(Cross posted from Blogodidact) Some folks are surprised by the ire directed at CNN’s Candy Crowley for her efforts in moderating the last debate, particularly for her ‘factual insertion’ regarding an ‘act of terror’. Well, since the context depends just as much upon what was not said, as well as what was not said, lets have a look at what was, wasn’t, and should have been said, both during the debate, and in the original White House statement’s – what was written and approved, and the President’s live comments, the day after the attack took place.
This all began of course during one of the many prickly moments in the debate, this time when it ‘strayed’ towards Libya and Obama tried to erect himself with a comment that,
“… the day after the attack, governor, I stood in the Rose Garden and I told the American people in the world that we are going to find out exactly what happened. That this was an act of terror and I also said that we’re going to hunt down those who committed this crime.”
Romney knew that to be untrue, and set out after the president. After some back and forth, Romney pointed out that it was in fact 14 days before Obama called it “an act of terror“. Obama retreated, and then told Romney to,
“Get the transcript”
Crowley, seemingly shocked at this questioning of the media narrative, and stuttering in a manner that’d make Obama proud, said,
“eh,eh,eh, he, ah, he did in, in fact sir, so let me, let me, uh, call it an act of terror, so ul [garbled]…”
At which point Obama takes advantage of being let off the spitted hook Romney had him on, says
“Can you say that a little louder, Candy?”
She chuckles, as does the much pleased audience, and she says
“He did call it an act of terror, he did as well, uh, take, it did as well, uh, take, two weeks or so, uh, for the whole idea of their being a riot out there about this tape, to come out, you’re correct about that.”
There are many things to criticize Crowley for on this, not least of which was that she was supposed to be the moderator, not a tag-team player in the debate. Her job was to keep the candidates moving along and on point, not to help one of them to make their point for them, or to restrain the other from pressing home their point.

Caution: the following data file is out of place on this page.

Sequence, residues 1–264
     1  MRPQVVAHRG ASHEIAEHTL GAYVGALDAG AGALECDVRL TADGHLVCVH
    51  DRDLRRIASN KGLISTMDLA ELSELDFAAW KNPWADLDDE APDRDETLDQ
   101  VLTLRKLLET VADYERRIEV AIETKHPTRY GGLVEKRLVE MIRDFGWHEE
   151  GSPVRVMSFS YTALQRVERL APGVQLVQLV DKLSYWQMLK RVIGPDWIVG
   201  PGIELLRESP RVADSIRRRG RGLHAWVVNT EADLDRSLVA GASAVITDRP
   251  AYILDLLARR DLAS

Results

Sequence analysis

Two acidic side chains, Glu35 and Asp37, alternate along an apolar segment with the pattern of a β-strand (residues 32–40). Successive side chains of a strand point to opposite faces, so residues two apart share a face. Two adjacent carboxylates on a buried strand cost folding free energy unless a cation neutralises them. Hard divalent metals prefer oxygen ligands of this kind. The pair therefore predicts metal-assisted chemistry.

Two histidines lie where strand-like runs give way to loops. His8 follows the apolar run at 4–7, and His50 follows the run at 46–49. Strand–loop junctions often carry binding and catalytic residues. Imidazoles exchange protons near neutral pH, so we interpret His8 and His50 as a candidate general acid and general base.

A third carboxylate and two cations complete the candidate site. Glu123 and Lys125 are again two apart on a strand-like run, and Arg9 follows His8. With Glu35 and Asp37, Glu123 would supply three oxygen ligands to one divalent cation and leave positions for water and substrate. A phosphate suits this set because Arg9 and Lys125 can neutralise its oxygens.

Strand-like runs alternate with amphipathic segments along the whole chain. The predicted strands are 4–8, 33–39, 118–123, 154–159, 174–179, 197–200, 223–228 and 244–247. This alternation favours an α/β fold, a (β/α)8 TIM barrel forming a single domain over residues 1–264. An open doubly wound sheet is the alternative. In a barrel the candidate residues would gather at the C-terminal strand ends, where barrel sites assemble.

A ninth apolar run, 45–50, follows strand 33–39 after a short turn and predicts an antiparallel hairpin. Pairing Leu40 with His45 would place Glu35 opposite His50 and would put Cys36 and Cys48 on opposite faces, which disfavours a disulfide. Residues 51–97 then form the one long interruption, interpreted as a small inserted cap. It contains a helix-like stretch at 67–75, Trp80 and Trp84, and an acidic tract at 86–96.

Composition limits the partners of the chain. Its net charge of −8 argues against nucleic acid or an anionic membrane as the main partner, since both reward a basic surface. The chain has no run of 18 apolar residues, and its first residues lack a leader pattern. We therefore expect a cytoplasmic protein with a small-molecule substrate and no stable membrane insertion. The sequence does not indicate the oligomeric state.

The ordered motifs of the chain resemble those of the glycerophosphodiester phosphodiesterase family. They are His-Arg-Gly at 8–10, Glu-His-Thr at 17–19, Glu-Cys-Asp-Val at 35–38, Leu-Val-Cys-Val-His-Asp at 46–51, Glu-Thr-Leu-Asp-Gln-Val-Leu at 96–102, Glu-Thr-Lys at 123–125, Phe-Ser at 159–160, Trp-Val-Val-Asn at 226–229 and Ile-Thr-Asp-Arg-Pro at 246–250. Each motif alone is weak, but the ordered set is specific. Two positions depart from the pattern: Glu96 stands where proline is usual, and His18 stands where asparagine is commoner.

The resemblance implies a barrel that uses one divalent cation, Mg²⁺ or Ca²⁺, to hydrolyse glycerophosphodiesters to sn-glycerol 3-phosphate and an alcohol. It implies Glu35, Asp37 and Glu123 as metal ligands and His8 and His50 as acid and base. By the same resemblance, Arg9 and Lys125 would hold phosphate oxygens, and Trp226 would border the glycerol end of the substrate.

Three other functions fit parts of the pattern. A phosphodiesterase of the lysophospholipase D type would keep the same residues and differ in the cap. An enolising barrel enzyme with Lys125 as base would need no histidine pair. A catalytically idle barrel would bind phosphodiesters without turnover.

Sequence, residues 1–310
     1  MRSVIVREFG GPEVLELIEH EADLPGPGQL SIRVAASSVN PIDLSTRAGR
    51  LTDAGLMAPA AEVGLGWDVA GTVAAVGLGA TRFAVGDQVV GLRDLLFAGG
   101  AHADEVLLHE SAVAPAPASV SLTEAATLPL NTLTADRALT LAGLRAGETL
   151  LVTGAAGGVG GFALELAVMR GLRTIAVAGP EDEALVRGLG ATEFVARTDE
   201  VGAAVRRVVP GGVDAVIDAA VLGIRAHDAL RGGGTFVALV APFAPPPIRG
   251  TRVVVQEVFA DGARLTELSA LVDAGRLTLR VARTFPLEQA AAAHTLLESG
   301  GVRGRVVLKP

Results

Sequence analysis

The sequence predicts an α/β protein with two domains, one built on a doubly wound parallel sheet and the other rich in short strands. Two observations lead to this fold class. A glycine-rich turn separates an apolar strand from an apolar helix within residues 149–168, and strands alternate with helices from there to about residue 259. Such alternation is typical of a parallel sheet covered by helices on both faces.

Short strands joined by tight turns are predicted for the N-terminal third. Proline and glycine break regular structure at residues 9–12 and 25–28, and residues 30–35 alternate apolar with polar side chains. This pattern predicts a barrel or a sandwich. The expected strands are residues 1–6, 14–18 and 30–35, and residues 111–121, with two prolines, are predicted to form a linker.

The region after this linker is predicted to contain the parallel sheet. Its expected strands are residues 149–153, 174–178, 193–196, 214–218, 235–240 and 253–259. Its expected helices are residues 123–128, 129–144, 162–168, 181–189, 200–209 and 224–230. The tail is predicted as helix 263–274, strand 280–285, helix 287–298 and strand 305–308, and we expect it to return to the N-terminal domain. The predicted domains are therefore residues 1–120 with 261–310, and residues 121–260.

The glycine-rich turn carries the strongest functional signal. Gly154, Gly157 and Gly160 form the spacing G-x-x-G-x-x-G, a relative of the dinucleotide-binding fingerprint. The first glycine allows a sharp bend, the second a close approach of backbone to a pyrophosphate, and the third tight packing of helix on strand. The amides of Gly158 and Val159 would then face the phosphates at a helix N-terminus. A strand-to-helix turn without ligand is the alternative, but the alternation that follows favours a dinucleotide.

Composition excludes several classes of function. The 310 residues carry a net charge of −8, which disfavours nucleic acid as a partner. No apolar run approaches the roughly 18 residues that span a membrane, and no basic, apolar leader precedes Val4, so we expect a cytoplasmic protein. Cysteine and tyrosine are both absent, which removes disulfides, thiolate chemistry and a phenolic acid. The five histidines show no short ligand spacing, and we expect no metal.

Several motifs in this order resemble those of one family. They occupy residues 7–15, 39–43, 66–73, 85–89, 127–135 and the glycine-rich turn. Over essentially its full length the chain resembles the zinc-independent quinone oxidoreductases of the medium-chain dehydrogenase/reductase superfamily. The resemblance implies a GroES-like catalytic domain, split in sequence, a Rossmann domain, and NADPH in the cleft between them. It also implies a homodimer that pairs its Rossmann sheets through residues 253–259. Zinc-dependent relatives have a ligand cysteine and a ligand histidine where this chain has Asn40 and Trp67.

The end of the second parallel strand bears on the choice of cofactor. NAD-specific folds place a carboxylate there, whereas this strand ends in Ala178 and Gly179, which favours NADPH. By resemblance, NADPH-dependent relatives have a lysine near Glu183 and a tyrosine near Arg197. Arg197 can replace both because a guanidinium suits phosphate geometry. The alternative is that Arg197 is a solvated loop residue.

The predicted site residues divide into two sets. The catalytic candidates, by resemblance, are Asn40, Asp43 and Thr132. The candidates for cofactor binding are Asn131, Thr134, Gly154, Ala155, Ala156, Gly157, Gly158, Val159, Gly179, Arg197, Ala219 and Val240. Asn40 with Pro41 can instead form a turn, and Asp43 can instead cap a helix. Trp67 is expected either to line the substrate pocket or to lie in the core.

The fact is that Crowley not only did not insert facts into the debate, she effectively removed them, and in the process helped Obama to escape from a very, very, uncomfortable situation. There are many things which that is, but moderating isn’t one of them; it was instead tantamount to a referee knocking the ball out of bounds for the home team.
The words you choose have meaning – as do the words not chosen
As to factual evidence of the President’s statement in question, while in the leftist world, where concepts and principles are relegated to 2nd place, and at best to factoids, her comment was neither factual nor accurate. People like to say that words have meaning, but what meaning they have is determined by the context of the passage (comment, speech, book, etc) they are used or abused in. Noting that the word ‘terror’ was used, is a meaningless factoid, of not much more worth than noting the total number of words used in the speech.
The question is did the President call the Benghazi attack and ‘act of terror’, and the answer, easily verifiable by looking at his own words, is no, he did not.
The official transcript does not even mention the word terror at all. Not in any way shape or form. Nada. Zero. None. Look for yourself (at the link, or it’s reproduced at the bottom as a courtesy to my intellectually lazy readers):
“I strongly condemn the outrageous attack on our diplomatic facility in Benghazi,…”
Here it is simply characterized as an outrageous attack. Of course… he also called Romney’s comment to him in the debate outrageous, presumably he wasn’t calling Romney a terrorist, or imply that he was engaging in a terrorist attack?
He closes out that paragraph with the comment that those killed
“… stand in stark contrast to those who callously took their lives.”
Callously took their lives is a far different thing than being murdered for a political cause. He then directs that the barn door be closed, now that the horse, 9/11, is out, by having his administration